Last Updated: October 23, 2023
Last week, the U.S. Department of Energy (DOE) took an important step forward in accelerating clean hydrogen production by announcing its initial Regional Clean Hydrogen Hubs selections. The program, which was included in the bipartisan Infrastructure Investment and Jobs Act, represents a massive opportunity for the U.S. to establish itself as a leader in global clean hydrogen development, creating new jobs and benefits in a diverse range of regions across the country.
The seven announced hubs are tracked on CATF’s Hydrogen Hubs Map and span the following 18 states: California, Delaware, Illinois, Indiana, Louisiana, Michigan, Minnesota, Montana, North Dakota, New Jersey, Ohio, Oregon, Pennsylvania, South Dakota, Texas, Washington, Wisconsin, and West Virginia. While project specifics may shift in the award negotiations phase, DOE’s initial selections include seven hubs that will demonstrate renewable-based production, five that will demonstrate fossil-based production with carbon capture (which should also include strict upstream methane emissions control to be climate beneficial), and three that will demonstrate nuclear-based production. The selected applicants intend to focus on deploying hydrogen in a wide range of end-use sectors (as required by law), such as heavy transportation applications and decarbonizing ammonia production for fertilizers.
CATF hopes to see DOE and hubs collaborating to prioritize clean hydrogen for sectors where it will deliver significant climate benefits—first in sectors where hydrogen is indispensable, followed by additional sectors that lack other energy-efficient or cost-effective decarbonization options—particularly through implementation of the recently announced $1 billion for a hydrogen demand-side initiative to accompany the hydrogen hubs.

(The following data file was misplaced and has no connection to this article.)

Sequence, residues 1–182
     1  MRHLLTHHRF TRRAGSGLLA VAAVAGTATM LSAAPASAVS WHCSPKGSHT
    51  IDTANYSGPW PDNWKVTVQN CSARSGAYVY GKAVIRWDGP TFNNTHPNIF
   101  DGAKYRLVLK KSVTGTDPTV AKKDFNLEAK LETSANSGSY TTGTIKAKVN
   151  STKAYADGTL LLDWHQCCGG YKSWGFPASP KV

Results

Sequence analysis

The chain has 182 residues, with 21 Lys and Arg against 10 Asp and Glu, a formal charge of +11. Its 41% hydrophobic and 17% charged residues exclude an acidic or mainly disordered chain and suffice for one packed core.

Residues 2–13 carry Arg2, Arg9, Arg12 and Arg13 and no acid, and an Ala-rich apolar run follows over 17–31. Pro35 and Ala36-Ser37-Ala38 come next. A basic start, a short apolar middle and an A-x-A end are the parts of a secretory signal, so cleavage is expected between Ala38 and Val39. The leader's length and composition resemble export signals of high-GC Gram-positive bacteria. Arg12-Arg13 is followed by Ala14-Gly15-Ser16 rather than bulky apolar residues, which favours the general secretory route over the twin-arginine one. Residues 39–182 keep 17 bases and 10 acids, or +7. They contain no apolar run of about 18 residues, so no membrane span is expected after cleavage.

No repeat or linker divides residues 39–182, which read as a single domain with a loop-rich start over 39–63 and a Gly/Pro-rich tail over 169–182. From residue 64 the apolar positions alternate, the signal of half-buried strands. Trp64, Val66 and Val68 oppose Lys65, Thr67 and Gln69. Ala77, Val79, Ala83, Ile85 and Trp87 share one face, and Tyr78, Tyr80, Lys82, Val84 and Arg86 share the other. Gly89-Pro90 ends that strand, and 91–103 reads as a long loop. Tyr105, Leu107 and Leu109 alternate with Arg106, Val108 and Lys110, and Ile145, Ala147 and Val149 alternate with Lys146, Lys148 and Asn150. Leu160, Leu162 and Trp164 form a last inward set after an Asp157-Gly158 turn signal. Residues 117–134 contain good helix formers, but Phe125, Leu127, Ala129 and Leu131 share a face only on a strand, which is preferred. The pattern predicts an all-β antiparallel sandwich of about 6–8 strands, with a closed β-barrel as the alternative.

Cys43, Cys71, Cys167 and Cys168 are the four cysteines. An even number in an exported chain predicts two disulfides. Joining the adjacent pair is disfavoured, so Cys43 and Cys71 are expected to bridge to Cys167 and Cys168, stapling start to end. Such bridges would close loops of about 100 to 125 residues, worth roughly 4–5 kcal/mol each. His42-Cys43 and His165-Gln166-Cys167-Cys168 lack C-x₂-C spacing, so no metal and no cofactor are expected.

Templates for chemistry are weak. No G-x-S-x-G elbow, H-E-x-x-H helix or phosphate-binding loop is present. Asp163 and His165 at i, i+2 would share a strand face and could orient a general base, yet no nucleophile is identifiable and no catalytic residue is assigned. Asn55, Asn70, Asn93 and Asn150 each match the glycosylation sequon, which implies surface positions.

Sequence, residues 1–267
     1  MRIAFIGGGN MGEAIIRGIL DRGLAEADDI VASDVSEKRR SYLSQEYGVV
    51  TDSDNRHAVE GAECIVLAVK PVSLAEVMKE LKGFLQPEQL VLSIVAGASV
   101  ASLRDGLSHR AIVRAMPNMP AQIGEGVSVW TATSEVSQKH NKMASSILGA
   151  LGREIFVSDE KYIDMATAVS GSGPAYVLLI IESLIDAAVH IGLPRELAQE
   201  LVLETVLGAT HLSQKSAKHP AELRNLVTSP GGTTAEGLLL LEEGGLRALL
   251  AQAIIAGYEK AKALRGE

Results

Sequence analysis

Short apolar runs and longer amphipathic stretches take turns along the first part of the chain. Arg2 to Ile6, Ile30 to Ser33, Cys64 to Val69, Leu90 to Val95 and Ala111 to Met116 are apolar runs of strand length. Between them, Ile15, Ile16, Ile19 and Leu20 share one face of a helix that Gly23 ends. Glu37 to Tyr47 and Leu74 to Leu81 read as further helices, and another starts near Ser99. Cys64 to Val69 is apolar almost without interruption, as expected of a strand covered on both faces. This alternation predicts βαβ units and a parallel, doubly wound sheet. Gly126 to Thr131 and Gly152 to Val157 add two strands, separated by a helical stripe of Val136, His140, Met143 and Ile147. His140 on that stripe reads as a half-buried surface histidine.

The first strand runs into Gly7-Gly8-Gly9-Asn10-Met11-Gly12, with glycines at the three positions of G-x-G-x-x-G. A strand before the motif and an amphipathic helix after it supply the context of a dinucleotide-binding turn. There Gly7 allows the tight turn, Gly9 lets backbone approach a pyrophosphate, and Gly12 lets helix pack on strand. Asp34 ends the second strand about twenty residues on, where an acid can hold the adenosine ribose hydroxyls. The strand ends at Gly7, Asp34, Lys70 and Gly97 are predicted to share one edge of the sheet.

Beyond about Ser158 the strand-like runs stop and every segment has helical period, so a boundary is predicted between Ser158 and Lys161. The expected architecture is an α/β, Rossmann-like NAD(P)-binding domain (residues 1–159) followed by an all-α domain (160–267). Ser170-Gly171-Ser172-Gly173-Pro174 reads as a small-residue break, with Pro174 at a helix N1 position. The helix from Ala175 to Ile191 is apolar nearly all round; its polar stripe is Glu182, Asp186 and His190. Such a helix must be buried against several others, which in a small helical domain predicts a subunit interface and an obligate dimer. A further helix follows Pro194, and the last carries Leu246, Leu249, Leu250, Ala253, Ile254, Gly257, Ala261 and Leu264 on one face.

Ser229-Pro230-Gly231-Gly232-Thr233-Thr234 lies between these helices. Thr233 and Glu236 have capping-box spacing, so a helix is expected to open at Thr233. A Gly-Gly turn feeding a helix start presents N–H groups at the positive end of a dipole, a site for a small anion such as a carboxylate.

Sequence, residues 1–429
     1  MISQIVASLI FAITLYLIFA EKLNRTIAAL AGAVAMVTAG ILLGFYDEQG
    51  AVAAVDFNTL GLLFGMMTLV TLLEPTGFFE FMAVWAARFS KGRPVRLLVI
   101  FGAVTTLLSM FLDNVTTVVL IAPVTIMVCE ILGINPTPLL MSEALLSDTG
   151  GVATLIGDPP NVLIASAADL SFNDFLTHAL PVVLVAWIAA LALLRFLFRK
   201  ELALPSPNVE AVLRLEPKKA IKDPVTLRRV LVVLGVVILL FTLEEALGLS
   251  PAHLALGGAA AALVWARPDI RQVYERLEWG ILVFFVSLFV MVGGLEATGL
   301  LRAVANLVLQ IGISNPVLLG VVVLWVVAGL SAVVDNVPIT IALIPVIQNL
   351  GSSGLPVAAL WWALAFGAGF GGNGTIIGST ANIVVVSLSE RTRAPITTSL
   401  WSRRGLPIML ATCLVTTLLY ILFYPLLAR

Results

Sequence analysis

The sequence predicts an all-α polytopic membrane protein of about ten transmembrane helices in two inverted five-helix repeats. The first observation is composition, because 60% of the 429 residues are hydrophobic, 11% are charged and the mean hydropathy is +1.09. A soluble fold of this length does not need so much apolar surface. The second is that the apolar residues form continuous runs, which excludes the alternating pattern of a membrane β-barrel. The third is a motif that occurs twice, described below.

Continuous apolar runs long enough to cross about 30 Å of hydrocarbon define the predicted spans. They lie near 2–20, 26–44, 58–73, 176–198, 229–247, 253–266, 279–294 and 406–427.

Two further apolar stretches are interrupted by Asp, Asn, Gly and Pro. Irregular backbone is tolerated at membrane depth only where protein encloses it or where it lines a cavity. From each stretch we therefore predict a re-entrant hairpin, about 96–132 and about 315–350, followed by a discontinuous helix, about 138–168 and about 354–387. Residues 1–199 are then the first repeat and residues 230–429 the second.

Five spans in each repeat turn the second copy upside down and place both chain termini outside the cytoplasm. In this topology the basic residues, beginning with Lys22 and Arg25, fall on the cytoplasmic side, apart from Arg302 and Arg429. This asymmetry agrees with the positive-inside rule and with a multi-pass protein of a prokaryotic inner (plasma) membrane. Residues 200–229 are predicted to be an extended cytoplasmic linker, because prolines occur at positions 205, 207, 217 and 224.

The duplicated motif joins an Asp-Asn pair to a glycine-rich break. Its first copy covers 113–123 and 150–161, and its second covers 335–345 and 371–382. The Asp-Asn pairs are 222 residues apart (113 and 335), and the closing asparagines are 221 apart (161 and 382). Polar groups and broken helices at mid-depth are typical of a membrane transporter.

Potential climate and community benefits from hydrogen hubs
Establishing the hydrogen hubs program was a historic first step. Now it’s time for the hubs to be thoughtfully designed and developed so climate and community benefits are maximized. Clean Air Task Force hopes to see hydrogen hubs deliver several benefits, including:
- Decarbonization of hard-to-electrify end-use sectors and existing hydrogen use cases: The hydrogen hubs program will play an important role in creating cost-effective decarbonization options for hard-to-abate sectors including heavy-duty trucking, shipping, aviation, and heavy industry in the United States. The program will also help catalyze the decarbonization of traditional high carbon intensity hydrogen used for ammonia production for fertilizers and oil refining, which are linked to more than 900 million metric tons of carbon dioxide emissions globally each year.
- Lower domestic clean hydrogen production costs: The hydrogen hubs program, coupled with the 45V clean hydrogen tax credit included in the Inflation Reduction Act, will help accelerate the clean hydrogen market by making production more cost-effective and providing significant incentives for project developers—which will, in turn, benefit the sectors where hydrogen is indispensable for decarbonizing but is currently more expensive than incumbent fuels.
- Build-out of connective infrastructure: The hubs program has the potential to spur the creation of hydrogen and ammonia-fueled transportation corridors that connect between hubs, which can strengthen the economics for individual hubs and foster a build-out of a global clean hydrogen network. Read more on the benefits of hubs and transportation corridors here.
- New jobs and community benefits: The development of hubs has the potential to create new jobs and workforce development opportunities within communities. Hubs have the opportunity to partner with local unions, vocational schools, and apprenticeship programs as they develop. Hubs can also engage in thoughtful processes with communities and community-based organizations to ensure that community concerns are addressed and that community benefits are based on direct input from communities.
CATF’s vision for hydrogen hubs implementation